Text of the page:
How the FTC Made Customer Data a Liability for Companies – And How to Fix It

Nov 9, 2015

It goes without saying that the last few years have seen an enormous surge in data breach activity. Cyber criminals and identity thieves are becoming increasingly adept at penetrating the databases of nearly any institution, ranging from small businesses to larger enterprises – even the federal government. The impact of these incidents varies wildly, but virtually all of them result in the leaking and sometimes sale of sensitive personal or corporate data.

Ashley Madison is one of the latest major names to fall victim to a data breach, with email addresses and personal information belonging to millions of Ashley Madison users leaked to the public. This scandal has sparked a series of lawsuits, extortion attempts and even alleged suicides, and reignited the conversation about data privacy, security and accountability.

By contrast, the trio of data breaches that struck the hotel chain Wyndham Worldwide seem downright tame. From 2008 to 2009, there were three separate incidents in which hackers compromised Wyndham’s systems and gained access to guests’ payment card and account information. In fact, the back-to-back data breaches at Wyndham were so egregious that the Federal Trade Commission (FTC) sued the hotel chain for failing to implement reasonable cyber security protections that safeguard customer data.

Wyndham responded to the FTC’s lawsuit with a complaint of their own, alleging that the FTC neither has the authority to punish companies for a lack of cyber protection, nor did they make clear what exactly constitutes “reasonable” protection anyway. Despite this, the U.S. Court of Appeals upheld the FTC’s lawsuit, effectively putting a target on the backs of companies who fail to install reasonable – or in Wyndham’s case, any – cyber security protections for customer data.

It’s an important decision that has changed the security game, making it more vital than ever for CIOs and IT administrators to become well-versed in what their companies are doing (or, in too many cases, not doing at all) to protect customer information.

Encryption as the Way Forward

So, what should businesses do then? Wyndham may have dropped the ball (to say the least) in protecting its customers’ data, but they did raise a valuable point: what exactly constitutes FTC-friendly and “reasonable” protections? How should companies best safeguard data at rest and in transit, to both protect their customers and stay out of the FTC’s spotlight?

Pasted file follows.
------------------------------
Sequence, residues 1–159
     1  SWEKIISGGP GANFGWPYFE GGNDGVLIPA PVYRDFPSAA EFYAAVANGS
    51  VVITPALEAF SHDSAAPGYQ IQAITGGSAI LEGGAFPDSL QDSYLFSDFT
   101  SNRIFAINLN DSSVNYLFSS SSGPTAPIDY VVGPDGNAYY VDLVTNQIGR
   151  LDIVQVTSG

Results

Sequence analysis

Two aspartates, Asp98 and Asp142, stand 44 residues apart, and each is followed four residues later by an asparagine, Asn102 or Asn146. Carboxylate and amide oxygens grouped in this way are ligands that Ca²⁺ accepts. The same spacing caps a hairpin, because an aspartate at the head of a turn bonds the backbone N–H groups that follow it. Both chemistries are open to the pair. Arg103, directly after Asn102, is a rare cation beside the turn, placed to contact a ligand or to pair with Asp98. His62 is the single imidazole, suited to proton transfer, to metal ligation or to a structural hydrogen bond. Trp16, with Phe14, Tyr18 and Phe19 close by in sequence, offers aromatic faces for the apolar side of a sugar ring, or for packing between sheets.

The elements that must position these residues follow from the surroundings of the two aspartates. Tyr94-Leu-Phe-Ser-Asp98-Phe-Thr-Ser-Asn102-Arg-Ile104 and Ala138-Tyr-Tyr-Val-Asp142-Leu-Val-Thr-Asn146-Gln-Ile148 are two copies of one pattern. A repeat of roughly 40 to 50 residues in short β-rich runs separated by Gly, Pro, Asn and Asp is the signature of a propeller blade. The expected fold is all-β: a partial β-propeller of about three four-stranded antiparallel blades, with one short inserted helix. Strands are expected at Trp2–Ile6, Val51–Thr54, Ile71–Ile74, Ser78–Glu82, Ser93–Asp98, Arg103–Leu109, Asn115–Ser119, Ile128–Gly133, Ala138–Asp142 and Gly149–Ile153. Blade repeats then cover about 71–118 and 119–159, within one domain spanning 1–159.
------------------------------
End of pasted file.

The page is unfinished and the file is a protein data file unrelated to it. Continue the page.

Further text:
Encryption remains one of the best means in the cyber security toolbox for staying ahead of data theft. Despite the U.S. government’s efforts to chip away at encryption among private enterprises, many companies are starting to see not just the benefits, but more importantly the necessities, of encrypting their customers’ information. Last year, Apple took a huge step forward for encryption when they announced that iOS would encrypt customer data by default, rather than making it an option that customers can enable later – an option that many likely didn’t even know existed!

A new initiative, “Let’s Encrypt,” looks to keep the encryption ball rolling by handing out free SSL/TLS certificates, which encrypt data transmitted between websites and their users. These certificates are sometimes too cost-prohibitive for many to adopt, in turn opening them and their users up to the risk of cyber theft. But Let’s Encrypt, put together by the Internet Security Research Group and backed by Mozilla, will help further democratize one of the most fundamental and crucial aspects of web security and data encryption.

Leveraging IT Talent

The truth is that encryption can only be as strong or reliable as the people who implement it. There’s a very important human element that goes into adopting encryption – and really, any kind of cybersecurity. CIOs and IT administrators have to coordinate to make sure their security teams are both wide enough and deep enough with talented personnel capable of addressing security concerns and implementing the right safeguards at the right time.

Taking a more proactive approach to data protection demands strong leadership that understands the value of investing in, elevating and retaining the right talent for IT. That talent can then adapt to and anticipate the actions or patterns of cyber threat actors, and establish meaningful and scalable responses before they end up in the news as the next Wyndham or Ashley Madison. After all, what good is encryption, password security or firewalls if the people putting them into place aren’t up to snuff? Without the right team behind your encryption and other cyber defenses, you could still end up putting your customers’ data at risk and yourself in the FTC’s crosshairs.

A Reasonably Secure Future

Companies like Target, Sony, J.P. Morgan Chase and Wyndham are just a small sample of the major brands that have been wracked by cyber breaches, and have demonstrated exactly how failing to encrypt information, and anticipate the need for encrypted customer information, can spell significant consequences to both their finances and business reputations. With the FTC’s lawsuit and Court’s ruling to uphold it, those consequences have now grown to another level, making the entire business model of handling and using customer data into a liability all its own.

This is the world we live in now, and the sooner companies integrate encryption and other “reasonable” cyber protections into their operations – demonstrating a clear commitment to protecting their customers’ personal information as they use it – the better off they, and their customers, will be in the long run.

About the author

Rafael Laguna

Rafael Laguna

Co-founder and former CEO of Open-Xchange

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